When your stomach lining becomes swollen or inflamed, it can cause gastritis. This is a condition that can be acute where it lasts a short period of time, or chronic where it sticks around for months or even years. A variety of causes lead to gastritis, though it is a treatable condition that in most cases doesn’t cause severe complications or permanent damage. The following is everything you need to know about gastritis.
Causes and Risk Factors
There are a variety of causes of gastritis, some more common than others. The most common causes of this medical condition are drinking too much alcohol, having an infection of the stomach with a bacteria known as helicobacter pylori, or taking certain medications like naproxen, ibuprofen or aspirin over a long period of time. Other causes of gastritis include autoimmune disorders, using cocaine, high levels of stress, bile reflux, eating or drinking corrosive substances or poisons, or having a viral infection. If you have had a major surgery, trauma, kidney failure, or put on a breathing machine, you are at a higher risk of developing gastritis.
Symptoms of Gastritis
It should be known that some people with gastritis will never experience any symptoms or they will be mild and not become obvious. Common symptoms of gastritis include a loss of appetite, nausea, vomiting, abdominal pain, black stools or blood in the vomit. If you experience blood in your vomit or stools or have severe abdominal pain, you should get medical attention immediately.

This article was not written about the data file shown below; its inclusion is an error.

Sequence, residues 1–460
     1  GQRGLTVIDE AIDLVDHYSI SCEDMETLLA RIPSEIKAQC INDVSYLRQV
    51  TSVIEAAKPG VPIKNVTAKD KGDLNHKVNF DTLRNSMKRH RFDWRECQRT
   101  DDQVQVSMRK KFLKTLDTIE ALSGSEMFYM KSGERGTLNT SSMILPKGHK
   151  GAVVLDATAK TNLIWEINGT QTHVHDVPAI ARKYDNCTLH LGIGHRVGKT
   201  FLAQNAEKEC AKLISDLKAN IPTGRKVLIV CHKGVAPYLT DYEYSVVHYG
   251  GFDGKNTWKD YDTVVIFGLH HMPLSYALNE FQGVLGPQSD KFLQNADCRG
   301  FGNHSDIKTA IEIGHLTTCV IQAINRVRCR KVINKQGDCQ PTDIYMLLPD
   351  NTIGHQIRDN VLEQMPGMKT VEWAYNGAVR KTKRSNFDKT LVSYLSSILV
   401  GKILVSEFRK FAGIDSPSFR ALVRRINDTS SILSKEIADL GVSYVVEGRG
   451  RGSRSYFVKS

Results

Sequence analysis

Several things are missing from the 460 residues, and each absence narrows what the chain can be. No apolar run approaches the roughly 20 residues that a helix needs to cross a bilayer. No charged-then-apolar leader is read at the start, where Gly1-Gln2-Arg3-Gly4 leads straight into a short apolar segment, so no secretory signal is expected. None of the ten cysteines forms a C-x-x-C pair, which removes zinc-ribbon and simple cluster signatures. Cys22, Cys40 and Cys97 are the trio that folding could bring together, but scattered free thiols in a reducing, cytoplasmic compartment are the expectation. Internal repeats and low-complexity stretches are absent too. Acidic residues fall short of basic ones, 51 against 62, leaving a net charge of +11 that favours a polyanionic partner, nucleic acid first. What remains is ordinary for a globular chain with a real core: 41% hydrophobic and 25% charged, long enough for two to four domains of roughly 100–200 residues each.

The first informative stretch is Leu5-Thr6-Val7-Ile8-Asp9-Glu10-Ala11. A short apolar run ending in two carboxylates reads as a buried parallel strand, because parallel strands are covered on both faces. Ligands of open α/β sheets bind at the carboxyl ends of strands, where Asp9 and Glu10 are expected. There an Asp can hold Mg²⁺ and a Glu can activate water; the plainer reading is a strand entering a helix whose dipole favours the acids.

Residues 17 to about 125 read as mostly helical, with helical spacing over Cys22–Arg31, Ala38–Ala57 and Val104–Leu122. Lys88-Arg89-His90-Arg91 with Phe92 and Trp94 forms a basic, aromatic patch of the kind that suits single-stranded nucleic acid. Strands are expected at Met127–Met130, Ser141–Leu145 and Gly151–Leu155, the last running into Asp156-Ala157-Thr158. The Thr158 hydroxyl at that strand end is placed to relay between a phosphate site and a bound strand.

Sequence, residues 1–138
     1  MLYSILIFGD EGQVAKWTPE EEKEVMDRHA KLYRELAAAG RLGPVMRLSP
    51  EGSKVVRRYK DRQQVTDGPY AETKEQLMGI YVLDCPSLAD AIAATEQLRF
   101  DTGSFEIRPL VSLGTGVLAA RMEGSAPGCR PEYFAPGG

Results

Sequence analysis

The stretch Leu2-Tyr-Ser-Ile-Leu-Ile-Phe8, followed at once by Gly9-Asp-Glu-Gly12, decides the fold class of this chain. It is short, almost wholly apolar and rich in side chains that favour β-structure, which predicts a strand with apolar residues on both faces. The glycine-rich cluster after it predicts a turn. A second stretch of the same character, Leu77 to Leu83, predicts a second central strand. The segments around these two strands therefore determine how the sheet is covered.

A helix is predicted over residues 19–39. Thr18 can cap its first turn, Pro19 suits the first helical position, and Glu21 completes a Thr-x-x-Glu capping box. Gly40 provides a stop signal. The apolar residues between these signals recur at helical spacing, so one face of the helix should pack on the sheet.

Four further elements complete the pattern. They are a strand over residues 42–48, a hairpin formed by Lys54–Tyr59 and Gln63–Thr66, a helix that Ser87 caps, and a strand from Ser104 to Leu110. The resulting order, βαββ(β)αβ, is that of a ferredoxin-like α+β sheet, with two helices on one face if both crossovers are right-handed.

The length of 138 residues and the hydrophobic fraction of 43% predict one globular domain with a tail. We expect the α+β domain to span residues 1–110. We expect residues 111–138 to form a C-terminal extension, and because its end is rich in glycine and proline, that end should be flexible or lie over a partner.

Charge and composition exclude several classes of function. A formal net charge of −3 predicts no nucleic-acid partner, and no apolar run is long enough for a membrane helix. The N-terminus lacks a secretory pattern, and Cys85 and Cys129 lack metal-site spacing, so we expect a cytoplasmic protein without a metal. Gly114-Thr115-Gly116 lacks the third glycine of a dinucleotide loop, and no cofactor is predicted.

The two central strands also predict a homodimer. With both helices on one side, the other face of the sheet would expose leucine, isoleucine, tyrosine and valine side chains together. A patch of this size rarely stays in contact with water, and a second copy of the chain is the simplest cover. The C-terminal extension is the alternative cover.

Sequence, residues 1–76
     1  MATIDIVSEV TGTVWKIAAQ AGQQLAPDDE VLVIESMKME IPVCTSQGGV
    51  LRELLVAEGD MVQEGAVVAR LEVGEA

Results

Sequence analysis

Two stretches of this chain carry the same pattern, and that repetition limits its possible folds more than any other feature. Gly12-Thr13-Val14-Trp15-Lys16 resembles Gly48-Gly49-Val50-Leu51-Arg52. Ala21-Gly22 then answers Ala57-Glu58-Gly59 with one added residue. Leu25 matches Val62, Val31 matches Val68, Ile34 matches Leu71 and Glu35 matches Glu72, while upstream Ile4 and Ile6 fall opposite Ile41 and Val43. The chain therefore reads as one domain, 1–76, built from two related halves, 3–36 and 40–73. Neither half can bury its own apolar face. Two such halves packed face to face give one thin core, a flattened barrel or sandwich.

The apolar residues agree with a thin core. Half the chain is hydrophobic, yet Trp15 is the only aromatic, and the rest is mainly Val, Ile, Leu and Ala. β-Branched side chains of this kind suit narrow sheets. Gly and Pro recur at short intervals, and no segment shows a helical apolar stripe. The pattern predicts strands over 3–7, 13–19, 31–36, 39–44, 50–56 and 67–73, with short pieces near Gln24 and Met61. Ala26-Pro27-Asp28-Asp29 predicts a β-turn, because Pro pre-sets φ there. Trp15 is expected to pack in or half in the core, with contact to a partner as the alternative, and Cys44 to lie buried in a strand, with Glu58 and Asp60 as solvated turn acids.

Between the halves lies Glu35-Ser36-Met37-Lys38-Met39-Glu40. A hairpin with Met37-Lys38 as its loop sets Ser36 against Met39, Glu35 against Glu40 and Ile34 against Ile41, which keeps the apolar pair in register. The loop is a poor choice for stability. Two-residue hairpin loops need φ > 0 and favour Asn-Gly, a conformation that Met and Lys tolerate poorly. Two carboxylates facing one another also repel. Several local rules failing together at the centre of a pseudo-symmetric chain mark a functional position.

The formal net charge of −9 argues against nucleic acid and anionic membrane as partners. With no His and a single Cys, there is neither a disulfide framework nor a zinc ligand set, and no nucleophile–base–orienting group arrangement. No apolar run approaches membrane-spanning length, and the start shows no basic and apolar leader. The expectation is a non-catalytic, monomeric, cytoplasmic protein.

If you are showing any signs or symptoms of gastritis, it might warrant a doctor visit. Your doctor will perform a physical examination and ask you about the symptoms you’re experiencing. Some of the tests that might be performed include a complete blood count to check for anemia, an examination of your abdomen with an endoscope, an H. plyori test, or a stool test to look for blood in the stools which signals bleeding in the stomach.
The treatment used for gastritis depends on what the underlying cause of the condition is. This includes not taking the over-the-counter medications which led to the condition or taking antacids. Your doctor might also prescribe medications to treat other side effects like low blood sugar with an iron supplement. The prognosis for most people with gastritis looks good, though this also depends on the main cause of the condition. Complications include a higher risk for gastric cancer, and blood loss.